One of the biggest and brightest stars in the night sky has left astronomers puzzled after it has faded dramatically over the last year. Some have speculated that this is a sign of an impending supernova explosion, but new observations are pointing toward two new theories.
Betelgeuse is a red supergiant star located around 700 light years away from Earth that can be found glowing orange in the well-known constellation of Orion. It is so massive that if it were placed in the center of our solar system, its surface would extend all the way to Jupiter.
Over the past several months, Betelgeuse has dimmed significantly causing a bit of a stir in the astronomical community. Stargazers stepping outside to look for Betelgeuse will find a star that is just 36% as bright as it was just a year ago, according to the European Southern Observatory (ESO).
Betelgeuse glowing orange (in upper left of the photo above) in the Orion constellation.
The sudden plummet in brightness has caused some to speculate if this is a signal that Betelgeuse will explode in a cataclysmic explosion known as a supernova. These are some of the largest explosions in the known universe and mark the end of the life of a massive star.
"Betelgeuse will eventually explode as a supernova blasting its store of heavy elements out into our galaxy," NASA reported.
"This explosion might happen tonight ... or within the few hundred thousand years," NASA added. It is hard to predict with precision when exactly a star like Betelgeuse will explode.
If Betelgeuse does explode, it would be a spectacle that would not soon be forgotten. It is estimated that the supernova would be nearly as bright as a full moon and would easily be visible in the sky in the middle of the day for weeks.
Although 700 light years may sound close on a cosmic scale, the massive star is far away enough from Earth that when it does explode, it would not cause any harm to life on our planet, according to EarthSky.
While death by supernova is certainly a possibility for the short-term fate of Betelgeuse, it seems unlikely. "Like all red supergiants, Betelgeuse will one day go supernova, but astronomers don't think this is happening now," the ESO said.
A team of scientists led by Miguel Montargès, an astronomer at KU Leuven in Belgium, has been observing Betelgeuse since December using the Very Large Telescope in Cerro Paranal, Chile, one of the few facilities on Earth capable of taking detailed images of the surface of Betelgeuse.
Through these detailed observations, they have formulated two new possibilities to describe Betelgeuse's dimming: Either a large cloud of dust was ejected toward the Earth, obscuring our view of the star, or there is a large area of cooling on the star's surface due to ‘exceptional stellar activity.'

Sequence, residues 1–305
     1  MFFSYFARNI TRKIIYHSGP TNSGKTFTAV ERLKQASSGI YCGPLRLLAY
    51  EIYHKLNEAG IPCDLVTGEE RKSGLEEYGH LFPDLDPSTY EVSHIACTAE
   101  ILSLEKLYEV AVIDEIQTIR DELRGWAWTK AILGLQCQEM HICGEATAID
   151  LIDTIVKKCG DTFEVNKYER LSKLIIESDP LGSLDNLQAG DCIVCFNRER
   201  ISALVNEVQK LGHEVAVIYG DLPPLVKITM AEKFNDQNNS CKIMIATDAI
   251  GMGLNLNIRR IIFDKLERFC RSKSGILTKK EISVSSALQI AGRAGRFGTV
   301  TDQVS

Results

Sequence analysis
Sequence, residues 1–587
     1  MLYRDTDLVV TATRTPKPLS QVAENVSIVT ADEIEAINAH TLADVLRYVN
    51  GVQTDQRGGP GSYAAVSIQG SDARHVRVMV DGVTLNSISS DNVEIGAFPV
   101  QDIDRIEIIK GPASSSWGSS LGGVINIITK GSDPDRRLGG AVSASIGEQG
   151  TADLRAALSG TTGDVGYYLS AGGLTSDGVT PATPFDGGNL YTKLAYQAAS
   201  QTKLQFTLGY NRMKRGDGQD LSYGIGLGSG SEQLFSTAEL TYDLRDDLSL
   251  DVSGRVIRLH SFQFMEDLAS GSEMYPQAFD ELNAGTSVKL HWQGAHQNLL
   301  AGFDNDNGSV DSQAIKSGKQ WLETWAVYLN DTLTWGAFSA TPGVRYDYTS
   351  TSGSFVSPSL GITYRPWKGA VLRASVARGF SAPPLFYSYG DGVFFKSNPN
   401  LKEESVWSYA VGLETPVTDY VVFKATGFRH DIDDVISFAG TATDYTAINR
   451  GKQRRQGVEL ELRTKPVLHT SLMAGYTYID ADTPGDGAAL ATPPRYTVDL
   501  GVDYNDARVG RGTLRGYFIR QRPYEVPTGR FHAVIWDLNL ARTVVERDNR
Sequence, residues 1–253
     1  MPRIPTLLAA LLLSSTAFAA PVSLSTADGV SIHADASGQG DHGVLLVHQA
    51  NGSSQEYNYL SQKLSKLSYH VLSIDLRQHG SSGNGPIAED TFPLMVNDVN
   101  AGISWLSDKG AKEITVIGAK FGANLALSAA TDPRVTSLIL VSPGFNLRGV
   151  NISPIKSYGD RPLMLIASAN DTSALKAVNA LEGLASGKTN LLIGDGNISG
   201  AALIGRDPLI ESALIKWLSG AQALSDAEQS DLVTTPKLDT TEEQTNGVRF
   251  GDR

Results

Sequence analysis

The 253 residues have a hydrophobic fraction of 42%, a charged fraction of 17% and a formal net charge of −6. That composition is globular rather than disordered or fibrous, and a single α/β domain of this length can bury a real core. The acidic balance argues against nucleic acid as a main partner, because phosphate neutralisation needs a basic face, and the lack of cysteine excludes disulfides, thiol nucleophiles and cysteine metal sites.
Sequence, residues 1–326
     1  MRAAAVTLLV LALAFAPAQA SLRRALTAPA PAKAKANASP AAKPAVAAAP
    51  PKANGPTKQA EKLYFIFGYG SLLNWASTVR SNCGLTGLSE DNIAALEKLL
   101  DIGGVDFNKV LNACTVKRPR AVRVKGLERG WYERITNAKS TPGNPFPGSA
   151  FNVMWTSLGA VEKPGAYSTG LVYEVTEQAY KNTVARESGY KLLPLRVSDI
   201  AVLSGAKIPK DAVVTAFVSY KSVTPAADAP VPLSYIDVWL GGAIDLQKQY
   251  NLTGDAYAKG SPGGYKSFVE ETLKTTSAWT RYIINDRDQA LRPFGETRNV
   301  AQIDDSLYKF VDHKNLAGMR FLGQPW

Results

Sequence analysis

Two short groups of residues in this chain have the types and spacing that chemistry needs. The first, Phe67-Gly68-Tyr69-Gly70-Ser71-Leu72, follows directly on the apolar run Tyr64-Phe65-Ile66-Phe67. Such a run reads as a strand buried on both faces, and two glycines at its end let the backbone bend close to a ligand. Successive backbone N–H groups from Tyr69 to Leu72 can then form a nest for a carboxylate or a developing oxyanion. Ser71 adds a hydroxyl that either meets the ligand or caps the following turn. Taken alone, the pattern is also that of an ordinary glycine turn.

This comparison image shows the star Betelgeuse before and after its unprecedented dimming. The observations, taken with the SPHERE instrument on ESO's Very Large Telescope in January and December 2019, show how much the star has faded and how its apparent shape has changed. (ESO)
"Betelgeuse's irregular surface is made up of giant convective cells that move, shrink and swell. The star also pulsates, like a beating heart, periodically changing in brightness. These convection and pulsation changes in Betelgeuse are referred to as stellar activity," the ESO explained.
"Of course, our knowledge of red supergiants remains incomplete, and this is still a work in progress, so a surprise can still happen," Montargès added.
Is this change in brightness normal for a star?
Like a snowflake, every star in the universe is unique, but they can be broken up into several categories based on their characteristics.
By definition, Betelgeuse is classified as a semiregular variable star, meaning that its brightness will naturally fluctuate up and down. However, its recent activity has been unprecedented in modern history.
This artist's impression shows the supergiant star Betelgeuse as it was revealed thanks to state-of-the-art techniques on ESO's Very Large Telescope. Click here for a larger version of the image. (ESO/L. Calçada)
According to data collected by the American Association of Variable Star Observers (AAVSO), Betelgeuse's brightness has dropped to its lowest levels in over a century.
The brightness of stars (and other objects such as Jupiter or the moon) are measured on a scale known as the apparent magnitude. The brighter the star, the lower the number.
On average, Betelgeuse ranks around 10th on the list of brightest stars in the sky with a magnitude averaging around 0.5, according to the University of Wisconsin-Madison's Department of Astronomy. But the recent observations show Betelgeuse closer to a magnitude 1.5, meaning that it doesn't even make the top-20 list of brightest stars in the night sky.
"The light variations of Betelgeuse are not completely understood," the AAVSO said on its website.
Despite the fainter appearance, Betelgeuse is an easy star to find in the night sky for stargazers of all ages, even for those in light-polluted cities.
It is the orange star glowing in Orion, a well-known constellation that appears high in the southern sky after nightfall. It remains visible most of the night, weather permitting, before setting in the west around 4 a.m. local time.